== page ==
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Molecular Epidemiology

Functional Genomics:
Elucidation of the genes involved in biosynthesis of M. leprae PGL-I is underway. Rama Murthy Sakamuri is presently working on this project using a combination of genetic tools and biochemical assays.
Refining the Proteome:

A combination of approaches are in use: recombinant cloning and expression of M. leprae genes of unknown function; the generation of antibodies to recombinant proteins; the extraction and separation of proteins from clinical and reference materials [armadillo derived infected tissue]; detection and identification using antibodies and clinical sera.

Epidemiology of leprosy: Molecular typing of M. leprae

The mechanisms of transmission of M. leprae, the causative organism of leprosy are still unclear with respect to the source, reservoir, mode of transmission and interaction with the host. Multiple hypotheses exist, but answers remain speculative owing to the inability to cultivate M. leprae in vitro, the slow onset of disease, and the broad spectrum of clinical manifestations. The recent availability of the genome sequence of an isolate of M. leprae is a valuable new resource applicable to the epidemiology of leprosy.

It is important to prove identity of M. leprae within the chain of transmission. The identification of new polymorphic loci based on the principle of variable number of tandem repeats (VNTRs) and the development of robust technologies for strain typing are a key component of our research activities.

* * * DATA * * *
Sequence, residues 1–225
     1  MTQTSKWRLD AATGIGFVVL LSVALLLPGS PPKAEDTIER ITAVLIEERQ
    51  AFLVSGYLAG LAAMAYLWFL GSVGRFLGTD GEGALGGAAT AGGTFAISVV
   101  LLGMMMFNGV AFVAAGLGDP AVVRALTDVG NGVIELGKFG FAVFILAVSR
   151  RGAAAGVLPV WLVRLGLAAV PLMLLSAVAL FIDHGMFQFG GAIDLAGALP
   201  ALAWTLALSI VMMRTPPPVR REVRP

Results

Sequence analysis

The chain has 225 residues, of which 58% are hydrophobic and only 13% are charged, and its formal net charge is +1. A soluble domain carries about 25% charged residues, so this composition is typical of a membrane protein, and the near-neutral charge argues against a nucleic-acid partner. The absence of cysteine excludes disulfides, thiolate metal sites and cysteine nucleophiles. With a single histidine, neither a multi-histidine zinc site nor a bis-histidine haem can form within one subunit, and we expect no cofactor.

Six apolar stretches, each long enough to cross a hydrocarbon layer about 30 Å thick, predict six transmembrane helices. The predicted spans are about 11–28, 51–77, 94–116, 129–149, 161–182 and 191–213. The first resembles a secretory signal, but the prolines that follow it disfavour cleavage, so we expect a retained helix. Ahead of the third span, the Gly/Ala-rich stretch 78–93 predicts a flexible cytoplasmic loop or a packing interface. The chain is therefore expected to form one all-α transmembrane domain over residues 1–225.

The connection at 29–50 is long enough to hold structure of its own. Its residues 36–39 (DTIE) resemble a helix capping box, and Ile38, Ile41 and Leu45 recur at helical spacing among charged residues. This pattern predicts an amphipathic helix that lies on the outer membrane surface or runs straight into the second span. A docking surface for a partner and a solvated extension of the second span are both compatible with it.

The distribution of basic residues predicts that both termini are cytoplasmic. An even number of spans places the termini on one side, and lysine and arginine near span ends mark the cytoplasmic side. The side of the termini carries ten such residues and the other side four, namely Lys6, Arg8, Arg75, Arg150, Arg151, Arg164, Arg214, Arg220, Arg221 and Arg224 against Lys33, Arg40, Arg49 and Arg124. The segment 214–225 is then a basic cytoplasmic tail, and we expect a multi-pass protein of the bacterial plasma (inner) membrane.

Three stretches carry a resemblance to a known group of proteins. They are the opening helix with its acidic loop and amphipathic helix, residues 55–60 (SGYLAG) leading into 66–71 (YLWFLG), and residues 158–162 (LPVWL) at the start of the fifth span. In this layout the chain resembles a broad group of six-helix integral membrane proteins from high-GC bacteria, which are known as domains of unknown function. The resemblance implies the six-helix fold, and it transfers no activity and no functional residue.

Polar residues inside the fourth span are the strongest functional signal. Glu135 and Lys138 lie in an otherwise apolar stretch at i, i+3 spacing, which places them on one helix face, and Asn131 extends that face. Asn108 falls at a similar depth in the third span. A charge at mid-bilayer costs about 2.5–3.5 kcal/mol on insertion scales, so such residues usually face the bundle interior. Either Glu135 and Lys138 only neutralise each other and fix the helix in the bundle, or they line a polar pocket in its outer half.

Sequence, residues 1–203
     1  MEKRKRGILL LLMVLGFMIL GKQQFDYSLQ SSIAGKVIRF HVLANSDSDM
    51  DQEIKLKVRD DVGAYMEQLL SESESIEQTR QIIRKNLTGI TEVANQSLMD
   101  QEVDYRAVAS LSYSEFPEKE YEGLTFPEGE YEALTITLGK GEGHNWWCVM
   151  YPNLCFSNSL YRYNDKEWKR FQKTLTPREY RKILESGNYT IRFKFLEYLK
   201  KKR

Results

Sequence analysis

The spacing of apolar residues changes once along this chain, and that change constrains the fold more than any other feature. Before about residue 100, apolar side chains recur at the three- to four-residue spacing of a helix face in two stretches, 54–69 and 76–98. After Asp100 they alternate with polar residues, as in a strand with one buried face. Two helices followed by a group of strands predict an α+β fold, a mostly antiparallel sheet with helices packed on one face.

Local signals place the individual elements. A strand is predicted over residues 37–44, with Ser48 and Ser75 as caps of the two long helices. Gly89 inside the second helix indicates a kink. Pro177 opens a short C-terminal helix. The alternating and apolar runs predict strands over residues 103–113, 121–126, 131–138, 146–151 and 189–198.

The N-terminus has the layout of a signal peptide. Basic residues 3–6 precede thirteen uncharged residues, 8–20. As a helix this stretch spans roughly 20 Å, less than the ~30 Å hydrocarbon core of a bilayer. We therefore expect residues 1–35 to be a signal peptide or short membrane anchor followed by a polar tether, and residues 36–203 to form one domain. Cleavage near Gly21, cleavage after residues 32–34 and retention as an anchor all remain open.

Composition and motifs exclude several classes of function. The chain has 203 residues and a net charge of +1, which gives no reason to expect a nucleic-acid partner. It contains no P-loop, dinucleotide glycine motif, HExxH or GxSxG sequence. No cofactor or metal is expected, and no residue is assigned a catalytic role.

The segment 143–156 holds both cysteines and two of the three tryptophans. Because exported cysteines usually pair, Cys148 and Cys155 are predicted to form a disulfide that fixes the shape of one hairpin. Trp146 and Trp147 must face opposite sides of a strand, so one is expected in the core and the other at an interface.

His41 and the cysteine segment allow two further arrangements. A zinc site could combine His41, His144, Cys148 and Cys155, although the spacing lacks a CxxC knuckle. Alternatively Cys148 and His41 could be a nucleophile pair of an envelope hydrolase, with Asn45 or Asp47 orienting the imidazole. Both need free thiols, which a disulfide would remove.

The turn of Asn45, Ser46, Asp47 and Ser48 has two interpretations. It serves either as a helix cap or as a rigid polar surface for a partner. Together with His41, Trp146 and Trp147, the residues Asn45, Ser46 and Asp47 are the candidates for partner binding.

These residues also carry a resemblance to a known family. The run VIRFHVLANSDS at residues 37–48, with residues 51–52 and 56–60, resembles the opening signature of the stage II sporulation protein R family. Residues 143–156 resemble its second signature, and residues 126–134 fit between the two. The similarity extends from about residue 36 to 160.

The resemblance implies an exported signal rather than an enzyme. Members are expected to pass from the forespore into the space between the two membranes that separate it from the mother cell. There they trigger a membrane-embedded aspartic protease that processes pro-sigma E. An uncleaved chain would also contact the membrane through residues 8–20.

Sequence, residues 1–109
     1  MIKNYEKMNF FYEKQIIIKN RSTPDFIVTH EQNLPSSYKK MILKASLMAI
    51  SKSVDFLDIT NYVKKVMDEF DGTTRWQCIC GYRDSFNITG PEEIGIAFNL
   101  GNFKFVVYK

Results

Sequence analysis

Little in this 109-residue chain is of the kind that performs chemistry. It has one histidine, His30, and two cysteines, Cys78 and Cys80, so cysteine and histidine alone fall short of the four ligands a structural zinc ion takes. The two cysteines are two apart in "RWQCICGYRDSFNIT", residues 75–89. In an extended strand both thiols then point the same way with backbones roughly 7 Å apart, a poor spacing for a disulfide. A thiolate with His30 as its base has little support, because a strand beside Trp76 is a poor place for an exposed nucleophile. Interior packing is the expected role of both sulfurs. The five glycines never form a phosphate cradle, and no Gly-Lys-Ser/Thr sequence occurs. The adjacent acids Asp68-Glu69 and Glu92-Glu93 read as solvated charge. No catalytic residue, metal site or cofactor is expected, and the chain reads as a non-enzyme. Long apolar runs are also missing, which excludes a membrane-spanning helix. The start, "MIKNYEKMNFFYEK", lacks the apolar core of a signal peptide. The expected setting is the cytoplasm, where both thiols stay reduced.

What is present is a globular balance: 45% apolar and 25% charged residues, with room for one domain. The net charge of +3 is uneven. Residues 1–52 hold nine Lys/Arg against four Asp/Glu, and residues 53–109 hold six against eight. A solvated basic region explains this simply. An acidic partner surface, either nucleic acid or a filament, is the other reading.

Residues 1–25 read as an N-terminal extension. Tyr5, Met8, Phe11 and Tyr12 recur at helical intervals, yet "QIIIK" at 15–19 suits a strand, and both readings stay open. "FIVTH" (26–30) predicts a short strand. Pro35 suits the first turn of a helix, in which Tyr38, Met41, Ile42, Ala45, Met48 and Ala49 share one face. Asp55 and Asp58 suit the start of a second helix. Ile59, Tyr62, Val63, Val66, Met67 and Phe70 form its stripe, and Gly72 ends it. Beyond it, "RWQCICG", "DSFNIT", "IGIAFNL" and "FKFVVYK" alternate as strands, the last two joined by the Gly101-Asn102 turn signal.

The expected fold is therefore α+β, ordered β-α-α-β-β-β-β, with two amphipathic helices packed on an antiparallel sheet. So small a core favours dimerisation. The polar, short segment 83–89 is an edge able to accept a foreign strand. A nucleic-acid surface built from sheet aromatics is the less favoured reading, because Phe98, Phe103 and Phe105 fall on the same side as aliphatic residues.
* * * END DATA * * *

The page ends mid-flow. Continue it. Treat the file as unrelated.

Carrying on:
We have now established an international research consortium with the aim of a concerted effort to study multiple factors in order to obtain a more comprehensive understanding of the most plausible causes for continued incidence of leprosy in the endemic areas.

Drug Resistance:
We are developing and implementing routine molecular surveillance for drug resistance in leprosy patients (primary and relapsed cases) in various endemic communities. Genomic DNA from biological samples such as slit skin smears and biopsies are subjected to PCR based tests for detection of mutations that confer resistance to Multidrug therapy (MDT) drugs dapsone and rifampicin, and alternative anti-leprosy drugs such as oflaxacin.

Projects such as these require considerable discussion, research and collaboration. Any ideas, suggestions or comments from the research community are welcomed. Please e-mail your comments to vvissa@colostate.edu


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